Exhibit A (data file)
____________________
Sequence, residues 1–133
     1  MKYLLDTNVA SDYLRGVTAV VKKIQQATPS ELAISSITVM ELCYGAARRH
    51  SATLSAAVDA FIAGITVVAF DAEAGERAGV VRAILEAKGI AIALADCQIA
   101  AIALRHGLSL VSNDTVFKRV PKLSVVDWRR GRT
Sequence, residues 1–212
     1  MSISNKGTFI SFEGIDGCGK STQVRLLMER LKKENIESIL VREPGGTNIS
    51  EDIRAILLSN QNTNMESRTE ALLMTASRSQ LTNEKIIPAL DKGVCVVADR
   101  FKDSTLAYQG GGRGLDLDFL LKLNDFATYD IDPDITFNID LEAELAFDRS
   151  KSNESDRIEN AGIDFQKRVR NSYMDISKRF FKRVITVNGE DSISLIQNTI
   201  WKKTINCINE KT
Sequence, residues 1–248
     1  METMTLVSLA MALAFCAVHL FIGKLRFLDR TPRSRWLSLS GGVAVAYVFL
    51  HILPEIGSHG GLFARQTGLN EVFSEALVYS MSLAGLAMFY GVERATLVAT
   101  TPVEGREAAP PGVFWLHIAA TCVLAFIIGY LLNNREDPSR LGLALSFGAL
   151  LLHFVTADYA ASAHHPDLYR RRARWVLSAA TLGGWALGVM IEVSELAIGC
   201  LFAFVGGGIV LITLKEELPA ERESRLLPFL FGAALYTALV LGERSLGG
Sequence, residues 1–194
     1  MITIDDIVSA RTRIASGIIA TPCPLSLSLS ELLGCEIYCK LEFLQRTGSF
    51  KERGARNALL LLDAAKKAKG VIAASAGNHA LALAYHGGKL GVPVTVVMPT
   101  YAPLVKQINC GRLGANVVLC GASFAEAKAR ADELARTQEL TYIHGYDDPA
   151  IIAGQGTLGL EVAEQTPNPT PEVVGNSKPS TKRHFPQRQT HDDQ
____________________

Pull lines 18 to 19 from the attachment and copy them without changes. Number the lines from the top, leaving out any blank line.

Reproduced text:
     1  MITIDDIVSA RTRIASGIIA TPCPLSLSLS ELLGCEIYCK LEFLQRTGSF
    51  KERGARNALL LLDAAKKAKG VIAASAGNHA LALAYHGGKL GVPVTVVMPT